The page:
'We have a once-in-century chance': Naomi Klein on how we can fight the climate crisis

(The Guardian, 14 Sep 2019) In this extract from her latest book On Fire, the No Logo author looks at why capitalism and politics have got in the way of addressing the climate crisis.

On a Friday in mid-March, they streamed out of schools in little rivulets, burbling with excitement and defiance at an act of truancy. The little streams emptied on to grand avenues and boulevards, where they combined with other flows of chanting children and teens. Soon the rivulets were rushing rivers: 100,000 bodies in Milan, 40,000 in Paris, 150,000 in Montreal. Cardboard signs bobbed above the surf of humanity: THERE IS NO PLANET B! DON’T BURN OUR FUTURE. THE HOUSE IS ON FIRE!

There was no student strike in Mozambique; on 15 March the whole country was bracing for the impact of Cyclone Idai, one of the worst storms in Africa’s history, which drove people to take refuge at the tops of trees as the waters rose and would eventually kill more than 1,000 people. And then, just six weeks later, while it was still clearing the rubble, Mozambique would be hit by Cyclone Kenneth, yet another record-breaking storm.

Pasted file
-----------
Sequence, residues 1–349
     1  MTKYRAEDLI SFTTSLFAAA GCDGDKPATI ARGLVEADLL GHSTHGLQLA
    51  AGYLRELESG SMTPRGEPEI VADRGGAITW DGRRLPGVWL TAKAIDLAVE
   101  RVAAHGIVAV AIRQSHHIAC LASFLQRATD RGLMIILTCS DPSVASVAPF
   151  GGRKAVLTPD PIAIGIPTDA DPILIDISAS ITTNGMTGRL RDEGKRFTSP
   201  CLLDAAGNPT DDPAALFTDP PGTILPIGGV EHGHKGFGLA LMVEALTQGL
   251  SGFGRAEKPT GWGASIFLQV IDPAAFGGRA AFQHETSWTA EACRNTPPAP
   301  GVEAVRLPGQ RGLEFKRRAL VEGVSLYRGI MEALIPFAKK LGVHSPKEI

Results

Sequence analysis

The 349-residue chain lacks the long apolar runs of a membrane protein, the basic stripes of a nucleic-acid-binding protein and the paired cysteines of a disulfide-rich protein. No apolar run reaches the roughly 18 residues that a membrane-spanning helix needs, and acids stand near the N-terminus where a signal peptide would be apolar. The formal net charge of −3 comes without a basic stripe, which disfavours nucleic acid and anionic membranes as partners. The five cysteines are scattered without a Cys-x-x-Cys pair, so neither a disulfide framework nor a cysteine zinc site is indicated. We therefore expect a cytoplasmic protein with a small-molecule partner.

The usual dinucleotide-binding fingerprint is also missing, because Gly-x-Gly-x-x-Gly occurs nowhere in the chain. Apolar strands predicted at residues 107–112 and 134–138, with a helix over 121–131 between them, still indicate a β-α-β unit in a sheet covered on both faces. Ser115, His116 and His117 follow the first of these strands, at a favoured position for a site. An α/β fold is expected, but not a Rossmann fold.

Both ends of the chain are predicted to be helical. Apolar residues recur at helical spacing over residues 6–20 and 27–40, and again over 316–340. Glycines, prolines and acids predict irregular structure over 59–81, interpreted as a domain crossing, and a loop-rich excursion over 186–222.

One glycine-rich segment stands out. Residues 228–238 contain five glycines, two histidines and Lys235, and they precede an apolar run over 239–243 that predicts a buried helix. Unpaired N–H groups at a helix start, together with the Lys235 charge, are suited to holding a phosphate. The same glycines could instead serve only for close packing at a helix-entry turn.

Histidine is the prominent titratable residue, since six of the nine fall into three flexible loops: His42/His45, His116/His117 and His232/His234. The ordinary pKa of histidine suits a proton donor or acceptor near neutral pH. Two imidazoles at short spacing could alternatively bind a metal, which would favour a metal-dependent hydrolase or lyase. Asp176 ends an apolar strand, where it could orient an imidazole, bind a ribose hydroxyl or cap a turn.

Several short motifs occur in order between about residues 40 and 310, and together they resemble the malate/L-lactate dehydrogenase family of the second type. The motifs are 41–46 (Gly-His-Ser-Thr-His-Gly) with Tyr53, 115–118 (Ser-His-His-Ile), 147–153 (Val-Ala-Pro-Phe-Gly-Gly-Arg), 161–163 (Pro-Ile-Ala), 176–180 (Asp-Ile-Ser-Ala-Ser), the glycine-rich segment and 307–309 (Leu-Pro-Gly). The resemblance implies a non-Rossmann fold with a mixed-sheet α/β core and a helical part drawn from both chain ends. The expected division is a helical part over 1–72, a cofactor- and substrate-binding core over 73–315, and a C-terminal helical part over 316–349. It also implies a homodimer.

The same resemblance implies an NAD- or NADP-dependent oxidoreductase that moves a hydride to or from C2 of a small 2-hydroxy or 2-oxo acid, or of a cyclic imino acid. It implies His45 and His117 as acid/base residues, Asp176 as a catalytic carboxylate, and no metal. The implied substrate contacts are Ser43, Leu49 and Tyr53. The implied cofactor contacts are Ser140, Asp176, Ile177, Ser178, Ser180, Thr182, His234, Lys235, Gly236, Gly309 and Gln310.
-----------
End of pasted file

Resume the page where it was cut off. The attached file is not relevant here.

Wherever in the world they live, this generation has something in common: they are the first for whom climate disruption on a planetary scale is not a future threat, but a lived reality. Oceans are warming 40% faster than the United Nations predicted five years ago. And a sweeping study on the state of the Arctic, published in April 2019 in Environmental Research Letters and led by the renowned glaciologist Jason Box, found that ice in various forms is melting so rapidly that the “Arctic biophysical system is now clearly trending away from its 20th-century state and into an unprecedented state, with implications not only within but also beyond the Arctic.” In May 2019, the United Nations’ Intergovernmental Science-Policy Platform on Biodiversity and Ecosystem Services published a report about the startling loss of wildlife around the world, warning that a million species of animals and plants are at risk of extinction. “The health of ecosystems on which we and all other species depend is deteriorating more rapidly than ever,” said the chair, Robert Watson. “We are eroding the very foundations of economies, livelihoods, food security, health and quality of life worldwide. We have lost time. We must act now.”

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The Guardian, 14 Sep 2019: 'We have a once-in-century chance': Naomi Klein on how we can fight the climate crisis